So when next time someone asks you which is your favourite beer ask if he/she means with or without food.
I find that when I do wine tasting at a cellar door I usually buy based of the flavour of the wine iteslf and then when I have it with a meal the taste is not quite right because it does not compliment the food I'm eating.

Beer is the same. And we are still learning about beer and food matching as it is a relatively new gastronomical phenomenon.
But it is fun to experiment. And best of all we are leaning to combine alcohol with food which makes the pursuit of beer a more responsible and enjoyable habit.

So perhaps we are returning to an ancient way of drinking beer with food like the suggested diet by the Greek writer Sophocles’ (450 BC) who indicated beer's rightful place;
"bread, meat, green vegetables and zythos (beer)".

So what's you favourite beer?

For me its a beer well made and is consistent in flavour, varied in design so it can suit any dish. That's the beauty of craft beer.

Want a good recipe for a Red Ale? Click here.

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Because they all taste so good?
I love anything that's well brewed. But if I really had to narrow it down, probably English best bitter or Bavarian weissbier.
Is Snow super popular because it happens to be produced and consumed in the largest communist state with the largest population in the world?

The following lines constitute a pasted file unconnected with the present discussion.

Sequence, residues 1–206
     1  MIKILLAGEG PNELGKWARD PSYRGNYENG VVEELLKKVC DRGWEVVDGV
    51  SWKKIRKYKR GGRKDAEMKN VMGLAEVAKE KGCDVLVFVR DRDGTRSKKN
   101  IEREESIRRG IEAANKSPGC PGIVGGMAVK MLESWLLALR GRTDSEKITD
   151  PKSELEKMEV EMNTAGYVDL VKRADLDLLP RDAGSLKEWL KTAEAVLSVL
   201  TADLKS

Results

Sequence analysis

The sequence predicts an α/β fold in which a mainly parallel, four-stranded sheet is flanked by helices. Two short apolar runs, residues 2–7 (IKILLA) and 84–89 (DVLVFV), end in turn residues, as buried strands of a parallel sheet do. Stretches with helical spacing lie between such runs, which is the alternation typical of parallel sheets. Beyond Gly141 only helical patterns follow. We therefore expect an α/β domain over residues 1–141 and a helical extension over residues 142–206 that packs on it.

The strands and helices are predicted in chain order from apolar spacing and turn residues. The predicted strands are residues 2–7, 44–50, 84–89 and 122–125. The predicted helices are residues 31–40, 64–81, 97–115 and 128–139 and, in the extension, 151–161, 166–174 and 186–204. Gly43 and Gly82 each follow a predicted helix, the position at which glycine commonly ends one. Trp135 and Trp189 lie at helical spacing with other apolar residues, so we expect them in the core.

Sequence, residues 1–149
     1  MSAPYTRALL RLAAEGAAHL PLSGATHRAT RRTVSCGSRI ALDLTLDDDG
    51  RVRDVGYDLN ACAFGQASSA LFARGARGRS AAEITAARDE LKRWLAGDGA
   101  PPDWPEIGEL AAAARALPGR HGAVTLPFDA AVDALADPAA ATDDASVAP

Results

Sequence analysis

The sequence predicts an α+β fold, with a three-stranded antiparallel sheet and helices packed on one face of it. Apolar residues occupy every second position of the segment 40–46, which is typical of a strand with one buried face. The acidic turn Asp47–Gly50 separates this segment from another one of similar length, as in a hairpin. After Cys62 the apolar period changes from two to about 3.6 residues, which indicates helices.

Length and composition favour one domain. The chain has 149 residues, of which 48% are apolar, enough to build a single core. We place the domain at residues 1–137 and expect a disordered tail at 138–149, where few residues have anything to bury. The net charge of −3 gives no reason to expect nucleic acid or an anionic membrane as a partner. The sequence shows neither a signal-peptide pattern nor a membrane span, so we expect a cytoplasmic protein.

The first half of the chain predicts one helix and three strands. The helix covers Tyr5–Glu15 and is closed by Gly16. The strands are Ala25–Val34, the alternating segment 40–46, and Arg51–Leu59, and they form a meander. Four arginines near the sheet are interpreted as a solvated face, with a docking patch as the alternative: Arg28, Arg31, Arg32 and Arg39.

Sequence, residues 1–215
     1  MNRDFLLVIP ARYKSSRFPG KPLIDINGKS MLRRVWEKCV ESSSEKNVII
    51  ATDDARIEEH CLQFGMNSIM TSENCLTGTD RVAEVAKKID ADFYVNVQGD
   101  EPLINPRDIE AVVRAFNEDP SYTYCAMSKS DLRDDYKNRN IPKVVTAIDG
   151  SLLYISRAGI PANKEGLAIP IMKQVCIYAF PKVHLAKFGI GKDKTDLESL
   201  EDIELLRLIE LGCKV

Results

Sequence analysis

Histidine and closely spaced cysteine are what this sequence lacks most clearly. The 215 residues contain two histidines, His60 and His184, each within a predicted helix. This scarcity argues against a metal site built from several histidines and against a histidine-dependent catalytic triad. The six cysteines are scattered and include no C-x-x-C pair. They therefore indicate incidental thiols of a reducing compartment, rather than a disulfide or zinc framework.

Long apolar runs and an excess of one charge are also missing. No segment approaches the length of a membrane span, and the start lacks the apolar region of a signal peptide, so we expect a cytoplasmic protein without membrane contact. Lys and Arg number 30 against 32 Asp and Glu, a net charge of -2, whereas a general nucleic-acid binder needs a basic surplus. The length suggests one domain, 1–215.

Is snow the finnish one?. I had a bottle of snow saison yesterday. Average imho
vcostanzo said:
But the No. 1 selling beer in the world comes from China and it's called Snow. It is brewed by China Resources Snow Breweries since 1994 in Liaoning Province.
It says it's from China, so I'm gunna say no. It's not Finnish.
During winter I was drinking a lot of Belgian stong ales along with IPAs, stouts and milds, now with the warmer weather lately my keg fridge has 3 pale ales and a cider in it.
When I lived in China I drank a lot of Snow. It is not very good, but better than most of the regular Chinese beers. I would put it behind ALL Australian beers.

My favourite style is Wheat, but I am still learning the subtleties.
slcmorro said:
It says it's from China, so I'm gunna say no. It's not Finnish.
Ok, the writing on my bottle is definately finnish or similar. Certainly not chinese. Either way, it was ordinary

edit. I just re checked. Its actually danish and called "snowball". Maybe i need glasses haha
Snow is marketed as a Harbin beer in the PRC. Southerners dig it for its exoticness; foreigners dig it because it tastes the least like dirty water.
Not surprised that the most drunk beers in the world are made in China as the biggest consumers of beer are the Chinese, having said that a Micro brewery has set up in China making clones of Sierra Nevada type hoppy beer which is really taking off/ and they also have a beer drinking competition for how many Duvel's can be drunk in one hour 10 has never been reached I believe.